Food, water, medical supplies, naw. We were more concerned about other types of safety, and so we brought weapons. Of course we brought walking sticks that doubled as +10 offensive bonus quarterstaffs with spell adders. We brought a variety of cutting weapons from machete’s to small axes, each also endowed with special magical attributes, what with being forged by the Elves of Rivendell and all.
And we brought something that not even Elrond or Galadriel could offer – guns
Just kidding, they weren’t real guns, just small, pitiful BB and pellet guns. Not really that dangerous unless your best friend were to shoot you in the leg at close range. Well, we kind of figured even the bloody welts that thing left wouldn’t be enough to stop a real foe, so we found an ad in a hunting magazine for two semi-automatic .22 caliber handguns at 49.99, and we started saving our pennies. The problem was we needed to persuade one of our parents to give the okay. Now, it certainly may boggle the minds of readers from the coasts, but here were two wild Texas boys whose parents did not own guns.
Oh well, we did the best that we could to arm ourselves because everyone knew what dangers lurked in The Canyons. It was not the possibility of heat exposure, rattlesnakes, or even drinking water from a creek that flowed dangerously near one of the outlying refineries. No, the real dangers out there were the devil-worshippers!
They were real, and they were scary. We all knew it. They’d capture and take you out into The Canyons as a special sacrifice to Satan, probably by lighting you on fire. They lived in a variety of places, but certainly near Plemmons Bridge—a long one lane bridge you’d race across at night with your lights out. (Smart, huh?) Allegedly, one of Charlie Manson’s crazy followers grew up nearby. Many died or were horribly injured on that bridge, and I think they’ve either destroyed it or build a two-laner in recent years.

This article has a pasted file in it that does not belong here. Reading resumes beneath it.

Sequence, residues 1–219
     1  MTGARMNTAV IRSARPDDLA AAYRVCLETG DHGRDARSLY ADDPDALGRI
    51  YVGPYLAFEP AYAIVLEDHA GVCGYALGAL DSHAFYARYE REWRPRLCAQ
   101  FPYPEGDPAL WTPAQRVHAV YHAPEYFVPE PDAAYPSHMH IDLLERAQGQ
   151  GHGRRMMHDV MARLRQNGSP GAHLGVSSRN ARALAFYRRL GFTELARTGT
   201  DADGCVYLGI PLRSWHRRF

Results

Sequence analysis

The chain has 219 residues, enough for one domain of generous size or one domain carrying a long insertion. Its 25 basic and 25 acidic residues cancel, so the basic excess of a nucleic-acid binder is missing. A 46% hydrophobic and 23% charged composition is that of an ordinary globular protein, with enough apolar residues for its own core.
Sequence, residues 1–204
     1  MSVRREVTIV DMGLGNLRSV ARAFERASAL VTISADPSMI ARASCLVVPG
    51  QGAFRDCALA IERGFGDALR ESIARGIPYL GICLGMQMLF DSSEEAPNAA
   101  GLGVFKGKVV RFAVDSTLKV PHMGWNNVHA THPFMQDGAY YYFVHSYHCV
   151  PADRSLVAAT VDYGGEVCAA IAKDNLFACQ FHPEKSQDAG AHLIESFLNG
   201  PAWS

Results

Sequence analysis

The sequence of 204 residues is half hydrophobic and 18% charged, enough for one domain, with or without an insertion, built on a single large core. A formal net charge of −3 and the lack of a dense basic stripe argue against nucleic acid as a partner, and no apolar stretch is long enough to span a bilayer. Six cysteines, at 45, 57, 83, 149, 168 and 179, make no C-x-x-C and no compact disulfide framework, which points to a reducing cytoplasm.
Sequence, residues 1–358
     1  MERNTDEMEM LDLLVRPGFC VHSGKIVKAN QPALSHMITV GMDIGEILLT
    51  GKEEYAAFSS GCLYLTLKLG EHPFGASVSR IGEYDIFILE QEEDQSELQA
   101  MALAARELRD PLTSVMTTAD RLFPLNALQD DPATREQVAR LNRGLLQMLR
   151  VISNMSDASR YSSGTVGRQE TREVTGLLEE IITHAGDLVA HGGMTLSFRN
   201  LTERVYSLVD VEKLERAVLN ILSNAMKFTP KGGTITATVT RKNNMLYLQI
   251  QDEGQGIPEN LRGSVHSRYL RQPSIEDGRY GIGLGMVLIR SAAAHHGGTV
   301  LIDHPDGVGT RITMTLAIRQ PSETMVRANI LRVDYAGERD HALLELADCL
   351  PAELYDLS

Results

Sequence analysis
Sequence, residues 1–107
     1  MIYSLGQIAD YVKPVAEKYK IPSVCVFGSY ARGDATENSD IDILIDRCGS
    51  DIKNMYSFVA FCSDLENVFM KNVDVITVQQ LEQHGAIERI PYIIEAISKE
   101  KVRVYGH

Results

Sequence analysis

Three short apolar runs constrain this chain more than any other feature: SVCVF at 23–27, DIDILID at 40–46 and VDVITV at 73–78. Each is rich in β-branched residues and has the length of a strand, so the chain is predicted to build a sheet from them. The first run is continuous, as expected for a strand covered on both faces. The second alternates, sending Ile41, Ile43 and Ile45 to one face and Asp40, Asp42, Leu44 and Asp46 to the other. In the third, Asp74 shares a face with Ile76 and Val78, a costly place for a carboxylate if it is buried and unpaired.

Out past the bridge was an old baby cemetery, and we were sure the devil worshippers of a bygone era had something to do with that. One time, when I was a sophomore, we noticed a bunch of extra police at a basketball game. Who knows why, but the rumor went around that the devil worshippers were looking for virgins, preferably cheerleaders, to sacrifice in the upcoming satanic orgy.
Well, one of the girls purported to be on the list was my girlfriend at the time. So, you know, gangster that I was. I got Birch and we loaded up some baseball bats and took off into The Canyons to deal with these suckers. We started his circa 1970 Oldsmobile and charged into the wilds, looking for fires. We were juiced, man, testosterone and adrenaline mixing for a real fine cocktail of stupid.